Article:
Up to 66% of people experience visual problems following a stroke.
Needless to say, if there has been damage to the brain, such as a stroke, there’s a high chance that your vision will be impacted. Vision is much more than just how clearly you can read from the eye chart. It involves so many complex skills connected to how the brain communicates with the eyes and perceives what we see. It depends where the stroke occurred in the brain and the extent of the impact it had on the brain tissue, but a stroke can cause various vision related issues including difficulty with reading, depth perception, balance, and visual memory, just to name a few.
The main areas in the brain related to vision are the:
There are many ways that a stroke can affect your vision. Some common visual implications are explained below.
The visual field is the entire area you can see in all directions when your eyes are fixed in one position. When a stroke occurs, around 20% of people suffer from permanent visual field loss. There are different parts of the visual field that can be damaged due to a stroke:
There are various ways that a stroke can affect the nerves and muscles that control your eye movements. Some examples include:
Some people who have suffered a stroke have a hard time blinking or fully closing their eyes which can affect the moistness of their eyes and can lead to dry eyes. This can cause a burning sensation, irritation, and/ or blurry vision.
After a stroke, you have to go through various rehabilitative treatments as part of the recovery process. It is so important to make sure to include vision as one of your systems that can use rehabilitation and strengthening, just as you would for speech rehabilitation or any other skill or system that requires attention after a stroke.
You might not know if you have experienced damage to your vision after a stroke so it is essential to have your vision evaluated by an optometrist. After the eye exam, if there has been harm to your vision, the optometrist can recommend various treatment plans. There is no reason to let your vision stay compromised when thankfully there are great rehabilitative treatment options as visual skills can be trained and strengthened. The brain has an incredible feature known as plasticity which means it can adapt to new challenges and be trained to accomplish various feats.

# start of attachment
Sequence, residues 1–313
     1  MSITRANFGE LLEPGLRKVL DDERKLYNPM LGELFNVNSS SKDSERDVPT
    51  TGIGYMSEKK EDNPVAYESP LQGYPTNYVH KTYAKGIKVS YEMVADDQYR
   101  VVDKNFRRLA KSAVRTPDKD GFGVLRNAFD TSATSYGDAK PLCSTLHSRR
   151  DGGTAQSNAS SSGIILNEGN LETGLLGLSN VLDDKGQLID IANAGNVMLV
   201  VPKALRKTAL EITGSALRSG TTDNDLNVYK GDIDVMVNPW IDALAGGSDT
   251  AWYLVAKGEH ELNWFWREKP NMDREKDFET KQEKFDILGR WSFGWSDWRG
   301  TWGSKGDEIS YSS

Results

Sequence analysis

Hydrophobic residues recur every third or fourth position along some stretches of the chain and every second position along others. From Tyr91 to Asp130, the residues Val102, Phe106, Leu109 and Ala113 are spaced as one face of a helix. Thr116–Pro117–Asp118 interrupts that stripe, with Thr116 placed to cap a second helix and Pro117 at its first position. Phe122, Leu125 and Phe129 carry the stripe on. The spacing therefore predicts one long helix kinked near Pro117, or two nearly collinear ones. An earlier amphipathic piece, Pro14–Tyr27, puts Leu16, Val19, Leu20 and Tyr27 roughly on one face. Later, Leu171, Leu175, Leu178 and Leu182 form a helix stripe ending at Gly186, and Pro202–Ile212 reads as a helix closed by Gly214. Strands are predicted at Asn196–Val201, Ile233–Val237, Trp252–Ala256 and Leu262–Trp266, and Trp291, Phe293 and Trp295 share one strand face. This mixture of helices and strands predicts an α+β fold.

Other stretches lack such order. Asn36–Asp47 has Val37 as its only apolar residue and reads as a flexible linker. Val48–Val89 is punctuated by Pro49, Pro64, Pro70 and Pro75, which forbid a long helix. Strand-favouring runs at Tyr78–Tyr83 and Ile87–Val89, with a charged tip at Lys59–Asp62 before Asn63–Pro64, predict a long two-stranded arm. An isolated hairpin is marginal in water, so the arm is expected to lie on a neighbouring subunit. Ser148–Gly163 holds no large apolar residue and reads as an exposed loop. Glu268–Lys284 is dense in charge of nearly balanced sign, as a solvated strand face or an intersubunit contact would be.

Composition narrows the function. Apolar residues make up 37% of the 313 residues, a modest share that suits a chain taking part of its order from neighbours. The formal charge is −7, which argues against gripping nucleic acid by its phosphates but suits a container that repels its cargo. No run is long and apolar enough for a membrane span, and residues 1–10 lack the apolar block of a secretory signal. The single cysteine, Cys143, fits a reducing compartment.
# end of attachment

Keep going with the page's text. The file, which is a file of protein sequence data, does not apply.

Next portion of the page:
There is a field within optometry which has been proven to greatly improve a stroke survivor’s visual system. Neuro optometric rehabilitation can allow you to reclaim your independence and even regain visual abilities after suffering from damage to your vision due to a stroke.
Neuro optometric rehabilitation is vision care that goes beyond the simple correction of eyesight via contact lenses and eyeglasses. In particular, it focuses on the neurological side of the larger visual system, which includes not only the eyes, but the brain as well. As such, neuro optometric rehabilitation therapy centers around improving the brain-eye connection to treat a wide range of vision problems.
Our optometrist utilizes a wide variety of exercises and visual learning games, along with devices such as specialized lenses, to help you attain, improve, or regain the important visual skills which will help resolve your visual issues.
Low vision is the result of partial but irreversible visual impairment. A diagnosis does not mean that you are blind. It just means that you have problems that cannot be corrected with conventional interventions, and that you may require vision devices and training to enhance your remaining eyesight. In most instances, a person retains some degree of vision that usually responds well to specialty glasses or other vision aid. The field of low vision is dedicated to helping patients reclaim their independence and improve their quality of life, despite any visual impairment.
Optometry practices within the Amplify EyeCare brand represent the cutting edge of medical & specialty eyecare. Our eye doctors, who have offices all over the United States, are some of the leading specialists in their field, including:
American Stroke Association
College of Optometrists in Vision Development
Neuro-Optometric Rehabilitation Association (NORA)